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Casual bodybuilding followers already know about the Olympia and Arnold Classic, but the fans who have deep connections to the sport know that there is a third show that could be called a crown jewel of the industry – the Pittsburgh Pro.
The 2023 edition of the Pittsburgh Pro took place at the Wyndham Grand Downtown Hotel in Pittsburgh, Pennsylvania on May 12th and 13th. Olympia president Dan Solomon referred to the Pittsburgh Pro as “one of our industry’s greatest traditions” on his Instagram post about the event.
The contest is promoted by IFBB Pro League president Jim Manion, who was the 1971 Mr. Pittsburgh winner himself. Both Manion and Solomon, as well as many of the biggest stars, legends, and insiders of the bodybuilding world, were in attendance to gather and celebrate the sport they all love.
The Saturday afternoon finals had many fans in the hotel buzzing because of the men’s open stars that would be guest posing. This is an event that goes back decades, and some memorable moments have taken place during this exhibition such as Ronnie Coleman giving Jay Cutler a piggyback ride, Phil Heath and Kai Greene sharing the stage, and Kevin Levrone announcing his return for the 2016 Mr. Olympia seven years ago. One year ago, 2021 Olympia 212 champion Derek Lunsford guest posed and made headlines because of the size he put on. That led him to being invited to compete in the Open at the Olympia. He would place second to new champion Hadi Choopan.
Lunsford returned to Pittsburgh to psoe once again, and he was joined by two-time Mr. Olympia Mamdouh “Big Ramy” Elssbiay, Arnold Classic champions Samson Dauda and Nick Walker, second generation superstar Hunter Labrada, and two-time Olympia 212 champion Shaun Clarida. Solomon and four-time Classic Physique Olympia champion Chris Bumstead greeted the fans and spoke about the significance of the Pittsburgh Pro for both before the athletes stepped up. As they were being introduced, Bob Cicherillo introduced Australia’s own Tony Doherty, who had brought a new pro to Pittsburgh, Mike Hulusi, who was allowed to step onstage with the six headliners and go pose for pose. Hulusi was in the final stages of his prep for the New York Pro, taking place on May 20th, and he looked close to contest shape. Imagine your first poses as a pro being among those in the elite of the sport at their biggest. Welcome to the IFBB Pro League, Mike.
The guest posers went through comparisons as if they were competing thanks to head judge Steve Weinberger, and they then went out into the crowd to pose with fans. After several minutes, they took a final bow before leaving the stage for interviews. The fans gave them a standing ovation for their efforts. Manion looked on with approval and appreciation as well.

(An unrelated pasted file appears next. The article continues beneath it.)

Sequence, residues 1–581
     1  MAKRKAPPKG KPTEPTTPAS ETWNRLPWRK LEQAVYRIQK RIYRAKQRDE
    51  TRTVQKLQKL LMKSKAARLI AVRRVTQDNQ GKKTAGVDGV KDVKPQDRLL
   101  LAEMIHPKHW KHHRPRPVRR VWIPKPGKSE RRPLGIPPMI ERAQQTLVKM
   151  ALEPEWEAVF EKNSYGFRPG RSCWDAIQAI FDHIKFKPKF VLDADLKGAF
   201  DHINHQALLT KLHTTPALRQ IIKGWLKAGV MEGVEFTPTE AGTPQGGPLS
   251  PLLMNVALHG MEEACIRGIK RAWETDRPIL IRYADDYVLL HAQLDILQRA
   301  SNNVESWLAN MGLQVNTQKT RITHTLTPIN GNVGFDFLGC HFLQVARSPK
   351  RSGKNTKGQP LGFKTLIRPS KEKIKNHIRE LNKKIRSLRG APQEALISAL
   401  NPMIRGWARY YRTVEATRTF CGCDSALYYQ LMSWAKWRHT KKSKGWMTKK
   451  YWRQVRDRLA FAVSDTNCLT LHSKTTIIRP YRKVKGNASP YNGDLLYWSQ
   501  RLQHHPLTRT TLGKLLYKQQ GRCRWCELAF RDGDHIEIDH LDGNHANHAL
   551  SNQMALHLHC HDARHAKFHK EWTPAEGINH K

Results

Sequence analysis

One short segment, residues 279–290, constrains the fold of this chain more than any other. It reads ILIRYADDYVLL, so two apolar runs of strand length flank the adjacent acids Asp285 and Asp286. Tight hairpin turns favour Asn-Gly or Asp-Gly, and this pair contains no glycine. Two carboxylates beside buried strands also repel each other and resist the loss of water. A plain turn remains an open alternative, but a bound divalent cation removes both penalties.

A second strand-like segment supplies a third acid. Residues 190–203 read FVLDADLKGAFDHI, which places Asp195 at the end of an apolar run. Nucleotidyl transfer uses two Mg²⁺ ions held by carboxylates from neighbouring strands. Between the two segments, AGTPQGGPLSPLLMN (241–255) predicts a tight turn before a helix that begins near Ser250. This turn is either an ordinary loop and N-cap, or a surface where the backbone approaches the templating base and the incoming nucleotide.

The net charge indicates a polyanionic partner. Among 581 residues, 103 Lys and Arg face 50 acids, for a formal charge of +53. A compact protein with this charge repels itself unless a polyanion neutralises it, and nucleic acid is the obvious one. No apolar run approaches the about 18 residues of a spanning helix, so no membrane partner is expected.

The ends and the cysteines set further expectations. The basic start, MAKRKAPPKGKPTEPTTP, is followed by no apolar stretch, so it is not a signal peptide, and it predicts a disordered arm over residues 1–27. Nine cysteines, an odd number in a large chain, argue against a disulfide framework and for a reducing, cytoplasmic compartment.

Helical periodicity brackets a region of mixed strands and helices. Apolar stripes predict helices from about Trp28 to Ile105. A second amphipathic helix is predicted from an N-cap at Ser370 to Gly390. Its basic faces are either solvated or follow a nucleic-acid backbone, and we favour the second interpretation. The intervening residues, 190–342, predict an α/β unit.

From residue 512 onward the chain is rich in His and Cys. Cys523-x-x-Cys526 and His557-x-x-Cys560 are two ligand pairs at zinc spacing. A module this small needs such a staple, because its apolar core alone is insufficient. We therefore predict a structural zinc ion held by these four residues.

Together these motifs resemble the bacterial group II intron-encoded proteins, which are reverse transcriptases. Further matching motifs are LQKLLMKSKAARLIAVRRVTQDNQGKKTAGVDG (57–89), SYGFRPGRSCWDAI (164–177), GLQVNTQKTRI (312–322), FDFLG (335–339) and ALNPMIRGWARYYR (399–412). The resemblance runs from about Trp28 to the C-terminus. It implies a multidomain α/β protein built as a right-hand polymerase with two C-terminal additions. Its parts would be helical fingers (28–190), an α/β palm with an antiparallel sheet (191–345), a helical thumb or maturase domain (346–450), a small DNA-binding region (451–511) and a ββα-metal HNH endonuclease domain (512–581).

The guest posers were a big part of the show, but this is a competition, after all, and there were six pro contests held between both days of competition with Olympia qualfiications on the line. Stars could be seen competing in lineups too. Two of those contests featured Olympia champions, and another two included a winner from the Arnold Classic weekend. Defending Ms. Physique Olympia Natalia Coelho won her division’s title, but three-time Bikini Olympia winner Ashley Kaltwasser placed second to winner
Aimee Delgado. Defending Wellness International champion Kassandra Gillis fell one spot short of winning the Pittsburgh Wellness show. That champion would be Gisele Machado. The winner of the Figure show was Cherish Richardson.
Classic Physique and Men’s Physique shows took place as well. Michael Daboul claimed the Classic Physique title and is now qualified for the 2023 Olympia, which is taking place in Orlando, FL on Nov. 2-5. As Solomon reminded the fans in attendance, tickets can be purchased at www.mrolympia.com.
The Men’s Physique winner was Corey Morris, who won his third straight show. During the interview with Cicherillo, defending Men’s Physique Olympia winner Erin Banks made his way to the stage to both congratulate Morris and warn him of what he was in for at the Olympia.
“Be your best because that’s what it will take to beat me, and there’s not many people that have beaten me.”
Another very important part of this weekend’s events is the amateur contests. The NPC is based in Pittsburgh, so what better way to introduce yourself to the sport than by competing on the NPC’s hometown stage? Put yourself in the competitors’ trunks for a moment. Combine the feeling of stepping onstage with being able to look out in the audience and see legends such as Rich Gaspari, Hany Rambod, former 212 competitor and Pittsburgh legend Seth Feroce, and other big names that you likely follow on social media in attendance watching you. Outside of the pro qualifying shows, there may be no bigger amateur stage than that one.
The energy that was created in the Wyndham Grand Downtown Hotel will be felt long after the stage is taken down and the people there have moved on to the New York Pro or other events on the schedule. That energy is why the Pittsburgh Pro is one of those shows that all serious bodybuilding fans and competitors need to put on their contest bucket list. The 2024 contest dates had yet to be announced, but you can follow @npcifbbpropittsburgh on Instagram to find out when next year’s show will take place.